Some Tips for Taking Action
As academics, we're trained to think about the "big picture"--to analyze at high levels of abstraction and make broad connections. But it's hard to take action on "big issues."
Instead, think smaller. Cut issues from problems. An issue is something manageable, a smaller piece of a bigger problem, that you can address through one action or a series of actions.
Misguided perceptions of writers and writing is a problem.
Unfair placement tests is an issue.
Problematic assumptions about students' abilities is a problem.
Curriculum in a basic writing courses is an issue.
Plagiarism policy is an issue.
Imposition of curriculum is an issue.
Assessment methods is an issue.
Issues are things you can develop immediate strategies to affect.
or Affirm and turn.
Frames are conceptual schema through which people make sense of what they see. Narratives are formed through frames, and things that are outside of the frame seem outlandish, unrealistic, or impossible.
To change the conversation about writing and writers, we need to change the frame. Linguist George Lakoff reminds us: if you only negate a frame -- that is, you say, "X is not the case!" you reinforce the frame of "X" because you are not putting another, more valid, frame in X's place.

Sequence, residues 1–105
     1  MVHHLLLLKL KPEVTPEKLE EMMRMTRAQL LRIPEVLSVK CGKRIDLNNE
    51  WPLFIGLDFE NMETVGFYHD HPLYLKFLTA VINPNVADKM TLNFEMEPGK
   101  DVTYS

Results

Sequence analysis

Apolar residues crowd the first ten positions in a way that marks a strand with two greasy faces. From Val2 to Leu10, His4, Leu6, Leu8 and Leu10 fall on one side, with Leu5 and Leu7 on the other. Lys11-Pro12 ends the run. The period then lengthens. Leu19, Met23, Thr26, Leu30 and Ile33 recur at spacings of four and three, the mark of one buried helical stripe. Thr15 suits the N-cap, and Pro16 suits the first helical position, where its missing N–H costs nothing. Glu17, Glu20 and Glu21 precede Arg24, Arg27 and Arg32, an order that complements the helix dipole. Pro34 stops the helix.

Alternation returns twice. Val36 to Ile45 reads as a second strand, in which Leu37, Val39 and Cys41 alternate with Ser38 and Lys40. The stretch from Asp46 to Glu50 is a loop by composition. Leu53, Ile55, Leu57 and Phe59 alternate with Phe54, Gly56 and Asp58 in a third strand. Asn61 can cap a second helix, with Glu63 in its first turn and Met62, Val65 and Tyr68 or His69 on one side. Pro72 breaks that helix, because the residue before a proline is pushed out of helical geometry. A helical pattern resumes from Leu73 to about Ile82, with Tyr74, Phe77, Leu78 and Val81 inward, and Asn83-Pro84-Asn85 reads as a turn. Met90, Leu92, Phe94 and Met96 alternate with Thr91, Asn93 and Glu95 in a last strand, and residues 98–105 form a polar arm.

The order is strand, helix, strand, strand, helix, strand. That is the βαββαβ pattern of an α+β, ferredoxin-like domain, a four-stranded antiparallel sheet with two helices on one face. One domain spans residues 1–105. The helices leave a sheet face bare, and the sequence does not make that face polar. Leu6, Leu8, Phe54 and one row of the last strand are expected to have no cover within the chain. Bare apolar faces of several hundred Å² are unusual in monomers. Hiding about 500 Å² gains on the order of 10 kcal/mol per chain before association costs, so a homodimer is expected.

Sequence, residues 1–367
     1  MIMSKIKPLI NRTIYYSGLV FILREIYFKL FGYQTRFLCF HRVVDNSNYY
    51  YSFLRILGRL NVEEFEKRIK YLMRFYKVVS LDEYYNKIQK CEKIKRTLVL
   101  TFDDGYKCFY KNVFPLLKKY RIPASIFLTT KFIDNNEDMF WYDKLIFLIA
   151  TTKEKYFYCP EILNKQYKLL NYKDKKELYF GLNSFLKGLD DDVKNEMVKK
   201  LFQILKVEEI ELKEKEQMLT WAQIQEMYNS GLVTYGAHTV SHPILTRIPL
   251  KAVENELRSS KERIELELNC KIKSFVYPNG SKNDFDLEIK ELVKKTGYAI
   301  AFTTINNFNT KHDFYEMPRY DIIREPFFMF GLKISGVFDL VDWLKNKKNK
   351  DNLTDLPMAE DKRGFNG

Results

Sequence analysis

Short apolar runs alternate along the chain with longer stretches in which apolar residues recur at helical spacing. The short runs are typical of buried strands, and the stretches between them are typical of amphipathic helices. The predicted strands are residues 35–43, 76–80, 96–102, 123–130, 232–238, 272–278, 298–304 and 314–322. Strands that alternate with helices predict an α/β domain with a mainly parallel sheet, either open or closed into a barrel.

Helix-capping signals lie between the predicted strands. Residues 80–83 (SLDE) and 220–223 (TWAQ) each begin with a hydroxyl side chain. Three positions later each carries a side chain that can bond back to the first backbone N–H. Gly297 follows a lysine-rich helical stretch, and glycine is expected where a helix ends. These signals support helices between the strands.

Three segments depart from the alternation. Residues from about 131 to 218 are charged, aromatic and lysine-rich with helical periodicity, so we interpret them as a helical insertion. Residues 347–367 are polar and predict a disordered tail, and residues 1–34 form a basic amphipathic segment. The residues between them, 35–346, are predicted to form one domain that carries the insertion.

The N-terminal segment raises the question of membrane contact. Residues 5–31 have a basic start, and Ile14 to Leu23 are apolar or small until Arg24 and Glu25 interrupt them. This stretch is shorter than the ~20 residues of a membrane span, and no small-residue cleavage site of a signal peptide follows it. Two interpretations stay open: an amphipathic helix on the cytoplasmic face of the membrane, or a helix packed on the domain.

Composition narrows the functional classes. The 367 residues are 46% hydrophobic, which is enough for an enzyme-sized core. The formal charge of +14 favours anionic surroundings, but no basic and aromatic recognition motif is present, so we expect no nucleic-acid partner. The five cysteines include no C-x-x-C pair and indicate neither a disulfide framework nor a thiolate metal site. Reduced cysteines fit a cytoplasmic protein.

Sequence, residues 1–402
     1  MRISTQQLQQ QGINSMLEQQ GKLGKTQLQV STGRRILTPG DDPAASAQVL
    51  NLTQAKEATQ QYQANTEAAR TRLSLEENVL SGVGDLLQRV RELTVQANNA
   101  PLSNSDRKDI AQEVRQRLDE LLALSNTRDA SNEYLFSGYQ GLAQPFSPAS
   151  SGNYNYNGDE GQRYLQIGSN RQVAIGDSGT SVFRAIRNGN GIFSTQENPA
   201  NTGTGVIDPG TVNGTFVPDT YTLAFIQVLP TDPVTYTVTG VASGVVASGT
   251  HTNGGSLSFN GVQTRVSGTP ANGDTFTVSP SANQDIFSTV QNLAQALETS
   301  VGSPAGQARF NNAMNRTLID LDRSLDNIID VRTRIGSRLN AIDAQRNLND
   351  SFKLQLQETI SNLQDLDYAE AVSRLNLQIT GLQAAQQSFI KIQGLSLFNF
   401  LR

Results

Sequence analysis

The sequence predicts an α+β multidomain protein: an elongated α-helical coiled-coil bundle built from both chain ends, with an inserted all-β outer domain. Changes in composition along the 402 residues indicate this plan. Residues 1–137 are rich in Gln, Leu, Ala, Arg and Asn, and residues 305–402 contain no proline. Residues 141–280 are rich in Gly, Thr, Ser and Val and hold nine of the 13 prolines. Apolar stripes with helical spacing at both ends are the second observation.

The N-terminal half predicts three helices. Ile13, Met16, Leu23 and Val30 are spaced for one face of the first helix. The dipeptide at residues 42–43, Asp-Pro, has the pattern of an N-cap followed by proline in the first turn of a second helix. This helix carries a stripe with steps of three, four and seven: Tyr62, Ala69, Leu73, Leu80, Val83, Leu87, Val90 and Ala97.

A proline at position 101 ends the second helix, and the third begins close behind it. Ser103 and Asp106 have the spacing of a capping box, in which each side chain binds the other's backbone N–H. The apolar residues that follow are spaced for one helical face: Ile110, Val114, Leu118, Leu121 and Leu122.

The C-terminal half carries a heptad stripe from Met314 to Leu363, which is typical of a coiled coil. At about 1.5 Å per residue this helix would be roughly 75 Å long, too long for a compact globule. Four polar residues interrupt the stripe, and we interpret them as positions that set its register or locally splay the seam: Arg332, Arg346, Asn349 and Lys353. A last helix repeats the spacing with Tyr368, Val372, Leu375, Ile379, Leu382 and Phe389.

The charge: "Students plagiarize all the time, and the internet only makes it easier for them to do it."
Reinforcing the frame: "Some students may plagiarize, but . . .
"Students don't actually plagiarize . . .
Changing the frame: "It's true that students have access to more information and can access that information more quickly than ever before [affirm]. That's why, in our writing classes, we . . . [turn].
Affirm and turn.
The SPIN project has terrific tutorials on
developing relationships with reporters and writing news releases. Their piece American Opportunity: A Communications Toolkit has great tips on writing letters to the editor and op-ed pieces.
Petition Online is an easy way to create on-line petitions.